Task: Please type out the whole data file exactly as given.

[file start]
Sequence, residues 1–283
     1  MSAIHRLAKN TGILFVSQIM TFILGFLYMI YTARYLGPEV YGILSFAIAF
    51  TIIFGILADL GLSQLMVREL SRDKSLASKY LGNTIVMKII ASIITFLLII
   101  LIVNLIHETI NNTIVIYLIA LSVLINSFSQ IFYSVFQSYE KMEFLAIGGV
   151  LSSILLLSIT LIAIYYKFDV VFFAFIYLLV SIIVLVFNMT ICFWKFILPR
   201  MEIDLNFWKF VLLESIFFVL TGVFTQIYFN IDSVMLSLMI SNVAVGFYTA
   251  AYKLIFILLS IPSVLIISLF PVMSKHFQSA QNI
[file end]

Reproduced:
Sequence, residues 1–283
     1  MSAIHRLAKN TGILFVSQIM TFILGFLYMI YTARYLGPEV YGILSFAIAF
    51  TIIFGILADL GLSQLMVREL SRDKSLASKY LGNTIVMKII ASIITFLLII
   101  LIVNLIHETI NNTIVIYLIA LSVLINSFSQ IFYSVFQSYE KMEFLAIGGV
   151  LSSILLLSIT LIAIYYKFDV VFFAFIYLLV SIIVLVFNMT ICFWKFILPR
   201  MEIDLNFWKF VLLESIFFVL TGVFTQIYFN IDSVMLSLMI SNVAVGFYTA
   251  AYKLIFILLS IPSVLIISLF PVMSKHFQSA QNI